I am searching for freeware to measure the duration of a keystroke or mouse-click, both would work. Does anyone have an idea?
Matlab toolboxes are, unfortunately, of no use to me.
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Psychopy (http://psychopy.org) can do this. It can do it in two ways.
Using iohub. Iohub is a crazy powerful way to get any information about any kind of input to your system, from keyboard, mouse, eye-trackers, etc. You can see the documentation for keyboard here.
from psychopy.iohub import launchHubServer io = launchHubServer() keyboard = io.devices.keyboard # handy name print 'start pressing a key now' key_info = keyboard.waitForReleases() # Just grab first release, even if there are multiple print 'Press time was', key_info.duration print '... and BTW, all key event info was', key_info
from psychopy import visual, event, core win = visual.Window() # Disadvantage: you need to have a window open to record it. clock = core.Clock() # Start listening print 'start pressing a key now' key, time = event.waitKeys(timeStamped=True) clock.reset() # Key down time while event.getKeys(): pass print 'key lasted', clock.getTime(), 'seconds'
If measuring key strokes is the only thing you need, psychopy may be a bit heavy since it is meant for running full experiments, but it will do the job!
Thanks to Jonas Londelov, I've been able to rewrite the script for measuring multiple keys until esc is pressed and writing the key duration, the key and the info into an excel sheet. It might not be very good written I a python beginner, but it is useful. Perhaps someone else will need it.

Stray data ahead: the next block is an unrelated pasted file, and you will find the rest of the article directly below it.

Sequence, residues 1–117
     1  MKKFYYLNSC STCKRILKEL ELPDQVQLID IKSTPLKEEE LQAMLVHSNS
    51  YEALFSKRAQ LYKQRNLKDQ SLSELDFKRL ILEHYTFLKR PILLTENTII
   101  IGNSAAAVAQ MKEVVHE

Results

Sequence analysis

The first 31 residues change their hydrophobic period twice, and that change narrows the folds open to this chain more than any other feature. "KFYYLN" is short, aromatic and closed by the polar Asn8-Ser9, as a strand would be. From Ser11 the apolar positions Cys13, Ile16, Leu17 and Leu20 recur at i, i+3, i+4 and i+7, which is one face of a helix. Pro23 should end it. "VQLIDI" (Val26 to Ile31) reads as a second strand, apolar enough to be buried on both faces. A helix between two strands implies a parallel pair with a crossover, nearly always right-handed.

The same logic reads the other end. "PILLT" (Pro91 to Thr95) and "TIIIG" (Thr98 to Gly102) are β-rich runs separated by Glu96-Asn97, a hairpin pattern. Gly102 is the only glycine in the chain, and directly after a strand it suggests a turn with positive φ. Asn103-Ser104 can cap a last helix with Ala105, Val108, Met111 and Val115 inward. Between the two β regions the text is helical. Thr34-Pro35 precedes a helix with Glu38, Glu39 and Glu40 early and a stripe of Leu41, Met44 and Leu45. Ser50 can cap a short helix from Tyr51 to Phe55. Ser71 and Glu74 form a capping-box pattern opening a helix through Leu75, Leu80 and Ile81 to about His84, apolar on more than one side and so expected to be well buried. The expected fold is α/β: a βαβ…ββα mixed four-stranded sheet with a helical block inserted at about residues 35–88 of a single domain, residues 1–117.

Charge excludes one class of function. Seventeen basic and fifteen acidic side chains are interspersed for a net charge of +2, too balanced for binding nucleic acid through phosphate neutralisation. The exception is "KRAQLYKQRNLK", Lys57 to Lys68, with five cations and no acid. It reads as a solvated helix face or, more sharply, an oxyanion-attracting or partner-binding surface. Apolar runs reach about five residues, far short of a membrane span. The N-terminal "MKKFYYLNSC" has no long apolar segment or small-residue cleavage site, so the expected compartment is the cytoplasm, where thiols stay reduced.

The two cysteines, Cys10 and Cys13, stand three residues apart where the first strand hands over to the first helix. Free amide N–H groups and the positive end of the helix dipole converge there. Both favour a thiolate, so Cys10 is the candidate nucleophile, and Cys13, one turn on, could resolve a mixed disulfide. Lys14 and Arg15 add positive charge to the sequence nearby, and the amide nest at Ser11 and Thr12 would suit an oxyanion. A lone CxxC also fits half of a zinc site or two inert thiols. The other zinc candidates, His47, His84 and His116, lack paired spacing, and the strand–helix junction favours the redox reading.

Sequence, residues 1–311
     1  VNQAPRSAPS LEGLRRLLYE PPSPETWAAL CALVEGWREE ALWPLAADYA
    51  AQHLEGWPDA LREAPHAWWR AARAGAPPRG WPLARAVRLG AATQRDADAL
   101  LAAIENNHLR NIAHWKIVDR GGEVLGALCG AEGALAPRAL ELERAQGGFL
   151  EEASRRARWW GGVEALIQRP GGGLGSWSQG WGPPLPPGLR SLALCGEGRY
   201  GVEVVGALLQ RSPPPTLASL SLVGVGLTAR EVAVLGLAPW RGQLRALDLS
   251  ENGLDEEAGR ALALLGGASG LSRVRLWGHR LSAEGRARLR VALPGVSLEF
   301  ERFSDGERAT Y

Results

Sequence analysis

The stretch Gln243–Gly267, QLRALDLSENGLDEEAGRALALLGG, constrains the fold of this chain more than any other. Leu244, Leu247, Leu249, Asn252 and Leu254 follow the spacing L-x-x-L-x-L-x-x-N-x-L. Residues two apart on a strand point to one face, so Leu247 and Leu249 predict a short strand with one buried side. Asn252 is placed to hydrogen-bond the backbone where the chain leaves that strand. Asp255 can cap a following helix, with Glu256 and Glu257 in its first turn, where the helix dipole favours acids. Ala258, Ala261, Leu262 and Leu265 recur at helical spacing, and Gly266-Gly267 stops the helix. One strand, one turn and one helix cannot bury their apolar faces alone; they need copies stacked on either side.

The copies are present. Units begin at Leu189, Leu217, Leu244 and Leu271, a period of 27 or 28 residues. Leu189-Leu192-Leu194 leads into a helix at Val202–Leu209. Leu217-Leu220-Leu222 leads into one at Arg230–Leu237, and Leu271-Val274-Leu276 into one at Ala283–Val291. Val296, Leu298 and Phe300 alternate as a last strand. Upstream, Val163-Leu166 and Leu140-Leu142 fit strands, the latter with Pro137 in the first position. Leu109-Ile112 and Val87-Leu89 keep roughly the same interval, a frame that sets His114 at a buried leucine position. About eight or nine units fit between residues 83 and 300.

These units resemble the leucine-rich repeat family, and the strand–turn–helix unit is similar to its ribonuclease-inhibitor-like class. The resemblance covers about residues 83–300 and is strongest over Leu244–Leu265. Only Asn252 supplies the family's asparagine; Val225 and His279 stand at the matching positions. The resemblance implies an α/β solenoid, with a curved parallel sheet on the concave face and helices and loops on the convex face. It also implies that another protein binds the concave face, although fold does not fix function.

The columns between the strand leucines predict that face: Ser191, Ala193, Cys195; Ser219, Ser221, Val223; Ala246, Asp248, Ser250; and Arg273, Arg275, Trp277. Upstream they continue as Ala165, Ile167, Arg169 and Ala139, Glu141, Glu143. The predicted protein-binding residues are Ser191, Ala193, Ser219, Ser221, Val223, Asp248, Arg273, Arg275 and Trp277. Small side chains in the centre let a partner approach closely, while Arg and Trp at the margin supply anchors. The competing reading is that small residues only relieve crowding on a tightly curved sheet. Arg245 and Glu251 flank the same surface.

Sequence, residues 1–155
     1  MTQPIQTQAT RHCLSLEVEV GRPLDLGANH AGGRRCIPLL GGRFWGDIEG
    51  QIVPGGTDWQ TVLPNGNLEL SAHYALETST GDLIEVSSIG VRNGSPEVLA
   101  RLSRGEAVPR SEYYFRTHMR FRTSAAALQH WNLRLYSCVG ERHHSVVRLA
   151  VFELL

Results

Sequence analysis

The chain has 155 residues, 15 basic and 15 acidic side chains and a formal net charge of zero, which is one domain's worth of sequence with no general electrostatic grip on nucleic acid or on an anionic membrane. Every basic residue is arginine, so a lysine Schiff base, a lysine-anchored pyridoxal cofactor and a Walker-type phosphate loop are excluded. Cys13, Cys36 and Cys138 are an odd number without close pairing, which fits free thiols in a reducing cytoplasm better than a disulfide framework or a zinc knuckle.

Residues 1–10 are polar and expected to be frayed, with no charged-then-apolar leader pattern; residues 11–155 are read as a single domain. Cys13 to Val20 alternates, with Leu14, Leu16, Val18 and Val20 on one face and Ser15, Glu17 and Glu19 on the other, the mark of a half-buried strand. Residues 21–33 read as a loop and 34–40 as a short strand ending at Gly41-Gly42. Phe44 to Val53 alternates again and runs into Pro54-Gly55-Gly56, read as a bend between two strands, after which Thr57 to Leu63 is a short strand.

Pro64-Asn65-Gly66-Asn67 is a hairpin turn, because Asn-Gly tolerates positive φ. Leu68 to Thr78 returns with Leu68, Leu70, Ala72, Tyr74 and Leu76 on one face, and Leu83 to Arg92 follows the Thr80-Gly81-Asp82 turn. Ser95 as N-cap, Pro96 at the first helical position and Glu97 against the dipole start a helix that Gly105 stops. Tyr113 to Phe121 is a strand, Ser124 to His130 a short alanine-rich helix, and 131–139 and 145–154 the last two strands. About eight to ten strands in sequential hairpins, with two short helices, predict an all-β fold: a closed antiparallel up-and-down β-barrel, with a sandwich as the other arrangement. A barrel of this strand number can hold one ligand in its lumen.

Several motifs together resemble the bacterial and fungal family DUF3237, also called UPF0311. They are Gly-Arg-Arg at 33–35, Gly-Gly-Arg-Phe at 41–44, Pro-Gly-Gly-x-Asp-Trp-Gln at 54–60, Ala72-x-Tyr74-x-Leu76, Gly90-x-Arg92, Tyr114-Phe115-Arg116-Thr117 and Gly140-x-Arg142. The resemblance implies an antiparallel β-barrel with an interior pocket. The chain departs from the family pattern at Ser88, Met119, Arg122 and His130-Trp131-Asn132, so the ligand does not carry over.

from __future__ import division from psychopy import visual, event, core, data, iohub from psychopy.iohub import launchHubServer io = iohub.launchHubServer import csv io = launchHubServer() keyboard = io.devices.keyboard # handy name count = 0 keyinfo = "" duration = 0 key = "" time = core.getTime() date = data.getDateStr(format='%Y_%b_%d_%H%M')#(format="%Y_%m_%d %H:%M (Year_Month_Day Hour:Min)") io.clearEvents('all') win = visual.Window([400, 400]) msg = visual.TextStim(win, text='press a key\n < esc > to quit') msg.draw() win.flip() datafile = open("touch duration.csv", "wb") #$not overwriting but longer writer = csv.writer(datafile, delimiter=";") # create output file header writer.writerow([ date, "round", "keyinfo", "duration", "key", ]) while key not in ['escape', 'esc']: key_info = keyboard.waitForReleases() # Just grab first release, even if there are multiple count += 1 key = key_info.key keyinfo = key_info duration = key_info.duration key = key_info.key print 'round number:' , count print key_info print 'Press time was', key_info.duration print 'key', key_info.key writer.writerow([ "", count, keyinfo, duration, key, ])
If accuracy is important, perhaps try the GPL'd TScope, which is a C library; there's a paper about it (alas for old version) with a moderate number of citations. It's also maintained (current version is 5) and they have an example measuring keypress duration. It's easy enough to use as they pack everything you'd need on Windows, including a customized version of Notepad++ with shortcuts for compiling and running a program. The odd thing is that the examples from the website seem missing from the 145Mb package, but they work compiled with it.
I don't have any high-speed camera to test the accuracy, but from a quick test on myself, I didn't see any large deviations. Using a long-stroke PS/2 keyboard I get around 95ms press time (that seem on par with the paper you mentioned). With a short stroke USB keyboard , I get as low as 55ms, if I focus specifically on just making short strokes (and this does seem to come at the cost of reaction time, I need sorta "prepare myself" to make a really short stroke; in normal typing I'm still in the habit of pressing longer, even though this keyboard doesn't need it). Here's an example of the later: